eng
Schloss Dagstuhl – Leibniz-Zentrum für Informatik
Dagstuhl Seminar Proceedings
1862-4405
2010-04-26
10061
1
8
10.4230/DagSemProc.10061.1
article
10061 Abstracts Collection – Circuits, Logic, and Games
Rossman, Benjamin
Schwentick, Thomas
Thérien, Denis
Vollmer, Heribert
From 07/02/10 to 12/02/10, the Dagstuhl Seminar 10061 ``Circuits, Logic, and Games '' was held in Schloss Dagstuhl~--~Leibniz Center for Informatics.
During the seminar, several participants presented their current
research, and ongoing work and open problems were discussed. Abstracts of
the presentations given during the seminar as well as abstracts of
seminar results and ideas are put together in this paper. The first section
describes the seminar topics and goals in general.
Links to extended abstracts or full papers are provided, if available.
https://drops.dagstuhl.de/storage/16dagstuhl-seminar-proceedings/dsp-vol10061/DagSemProc.10061.1/DagSemProc.10061.1.pdf
Computational complexity theory
Finite model theory
Boolean circuits
Regular languages
Finite monoids
Ehrenfeucht-Fra{\''i}ssé-games
eng
Schloss Dagstuhl – Leibniz-Zentrum für Informatik
Dagstuhl Seminar Proceedings
1862-4405
2010-04-26
10061
1
5
10.4230/DagSemProc.10061.2
article
10061 Executive Summary – Circuits, Logic, and Games
Rossman, Benjamin
Schwentick, Thomas
Thérien, Denis
Vollmer, Heribert
In the same way as during the first seminar on "Circuits, Logic, and Games"(Nov.~2006, 06451), the organizers aimed to bring together researchers from the areas of finite model theory and computational complexity theory, since they felt that perhaps not all developments in circuit theory and in logic had been explored fully in the context of lower bounds. In fact, the interaction between
the areas has flourished a lot in the past 2-3 years, as can be exemplified by the following lines
of research.
https://drops.dagstuhl.de/storage/16dagstuhl-seminar-proceedings/dsp-vol10061/DagSemProc.10061.2/DagSemProc.10061.2.pdf
Computational complexity theory
finite model theory
Boolean circuits
regular languages
finite monoids
Ehrenfeucht-Fra\"\i ss\'e-games
eng
Schloss Dagstuhl – Leibniz-Zentrum für Informatik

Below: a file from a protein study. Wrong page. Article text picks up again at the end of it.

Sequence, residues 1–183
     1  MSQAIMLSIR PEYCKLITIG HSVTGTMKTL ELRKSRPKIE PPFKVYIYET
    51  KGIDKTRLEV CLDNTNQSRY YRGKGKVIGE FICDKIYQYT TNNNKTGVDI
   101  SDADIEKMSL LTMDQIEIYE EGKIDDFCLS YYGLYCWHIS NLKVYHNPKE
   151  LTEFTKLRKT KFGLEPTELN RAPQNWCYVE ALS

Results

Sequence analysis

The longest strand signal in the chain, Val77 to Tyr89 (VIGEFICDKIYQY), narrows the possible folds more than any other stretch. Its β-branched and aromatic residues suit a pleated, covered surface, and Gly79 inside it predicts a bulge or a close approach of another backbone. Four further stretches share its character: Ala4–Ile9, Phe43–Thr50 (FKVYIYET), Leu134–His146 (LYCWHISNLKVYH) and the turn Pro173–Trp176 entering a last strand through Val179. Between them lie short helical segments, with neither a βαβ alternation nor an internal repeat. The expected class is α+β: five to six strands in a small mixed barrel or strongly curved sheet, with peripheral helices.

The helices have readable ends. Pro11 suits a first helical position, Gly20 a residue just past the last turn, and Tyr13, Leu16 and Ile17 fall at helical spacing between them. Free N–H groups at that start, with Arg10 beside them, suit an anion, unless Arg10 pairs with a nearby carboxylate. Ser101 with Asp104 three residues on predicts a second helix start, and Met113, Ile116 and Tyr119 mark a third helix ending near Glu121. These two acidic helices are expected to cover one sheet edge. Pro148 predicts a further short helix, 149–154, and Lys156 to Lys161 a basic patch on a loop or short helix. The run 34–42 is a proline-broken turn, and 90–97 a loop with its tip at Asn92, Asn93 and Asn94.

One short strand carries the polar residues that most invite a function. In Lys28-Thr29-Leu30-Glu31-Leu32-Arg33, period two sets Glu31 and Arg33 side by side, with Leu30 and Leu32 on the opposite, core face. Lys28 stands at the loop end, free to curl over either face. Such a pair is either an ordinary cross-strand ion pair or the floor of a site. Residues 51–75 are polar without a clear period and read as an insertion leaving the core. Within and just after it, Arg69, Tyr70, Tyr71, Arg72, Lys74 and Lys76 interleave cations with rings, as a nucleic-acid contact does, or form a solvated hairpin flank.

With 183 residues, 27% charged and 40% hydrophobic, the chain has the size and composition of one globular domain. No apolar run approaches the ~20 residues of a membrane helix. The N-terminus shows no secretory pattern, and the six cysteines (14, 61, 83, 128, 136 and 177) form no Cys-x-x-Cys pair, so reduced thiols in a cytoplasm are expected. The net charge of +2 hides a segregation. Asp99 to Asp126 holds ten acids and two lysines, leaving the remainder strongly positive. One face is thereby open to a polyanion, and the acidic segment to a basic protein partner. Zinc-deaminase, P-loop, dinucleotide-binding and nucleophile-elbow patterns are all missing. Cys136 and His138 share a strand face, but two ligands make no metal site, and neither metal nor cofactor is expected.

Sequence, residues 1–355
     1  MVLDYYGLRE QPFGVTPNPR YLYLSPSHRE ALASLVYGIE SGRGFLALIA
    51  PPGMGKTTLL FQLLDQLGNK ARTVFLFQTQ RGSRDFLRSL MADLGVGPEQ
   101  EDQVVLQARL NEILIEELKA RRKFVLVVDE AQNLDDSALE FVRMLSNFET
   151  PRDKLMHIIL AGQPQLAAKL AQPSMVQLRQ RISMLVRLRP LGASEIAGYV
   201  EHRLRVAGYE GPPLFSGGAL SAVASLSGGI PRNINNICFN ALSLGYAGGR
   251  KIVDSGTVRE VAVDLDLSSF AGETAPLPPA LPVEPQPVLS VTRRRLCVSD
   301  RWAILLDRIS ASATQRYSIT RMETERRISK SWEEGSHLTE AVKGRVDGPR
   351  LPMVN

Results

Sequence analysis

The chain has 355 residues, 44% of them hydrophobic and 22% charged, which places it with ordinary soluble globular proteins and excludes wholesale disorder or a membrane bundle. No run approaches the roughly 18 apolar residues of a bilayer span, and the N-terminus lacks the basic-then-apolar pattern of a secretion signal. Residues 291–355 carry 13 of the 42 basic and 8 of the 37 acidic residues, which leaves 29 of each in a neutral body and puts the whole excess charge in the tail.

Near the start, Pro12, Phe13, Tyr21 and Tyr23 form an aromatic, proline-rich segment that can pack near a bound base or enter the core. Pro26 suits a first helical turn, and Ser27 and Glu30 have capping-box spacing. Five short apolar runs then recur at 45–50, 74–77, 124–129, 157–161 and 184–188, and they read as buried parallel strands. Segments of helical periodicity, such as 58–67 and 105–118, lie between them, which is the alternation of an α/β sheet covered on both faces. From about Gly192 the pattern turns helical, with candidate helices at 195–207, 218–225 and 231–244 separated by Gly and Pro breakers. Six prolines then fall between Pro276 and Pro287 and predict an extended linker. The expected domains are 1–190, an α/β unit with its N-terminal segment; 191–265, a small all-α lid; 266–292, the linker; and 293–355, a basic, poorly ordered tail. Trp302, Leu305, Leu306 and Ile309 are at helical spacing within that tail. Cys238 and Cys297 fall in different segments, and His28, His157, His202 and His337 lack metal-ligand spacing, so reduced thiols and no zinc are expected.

Dagstuhl Seminar Proceedings
1862-4405
2010-04-26
10061
1
15
10.4230/DagSemProc.10061.3
article
Complexity Results for Modal Dependence Logic
Lohmann, Peter
Vollmer, Heribert
Modal dependence logic was introduced very recently by Väänänen. It
enhances the basic modal language by an operator dep. For propositional
variables p_1,...,p_n, dep(p_1,...,p_(n-1);p_n) intuitively states that
the value of p_n only depends on those of p_1,...,p_(n-1). Sevenster (J.
Logic and Computation, 2009) showed that satisfiability for modal
dependence logic is complete for nondeterministic exponential time.
In this paper we consider fragments of modal dependence logic obtained
by restricting the set of allowed propositional connectives. We show
that satisfibility for poor man's dependence logic, the language
consisting of formulas built from literals and dependence atoms using
conjunction, necessity and possibility (i.e., disallowing disjunction),
remains NEXPTIME-complete. If we only allow monotone formulas (without
negation, but with disjunction), the complexity drops to
PSPACE-completeness. We also extend Väänänen's language by allowing
classical disjunction besides dependence disjunction and show that the
satisfiability problem remains NEXPTIME-complete. If we then disallow
both negation and dependence disjunction, satistiability is complete for
the second level of the polynomial hierarchy.
In this way we completely classify the computational complexity of the
satisfiability problem for all restrictions of propositional and
dependence operators considered by Väänänen and Sevenster.
https://drops.dagstuhl.de/storage/16dagstuhl-seminar-proceedings/dsp-vol10061/DagSemProc.10061.3/DagSemProc.10061.3.pdf
Dependence logic
satisfiability problem
computational complexity
poor man's logic
eng
Schloss Dagstuhl – Leibniz-Zentrum für Informatik
Dagstuhl Seminar Proceedings
1862-4405
2010-04-26
10061
1
28
10.4230/DagSemProc.10061.4
article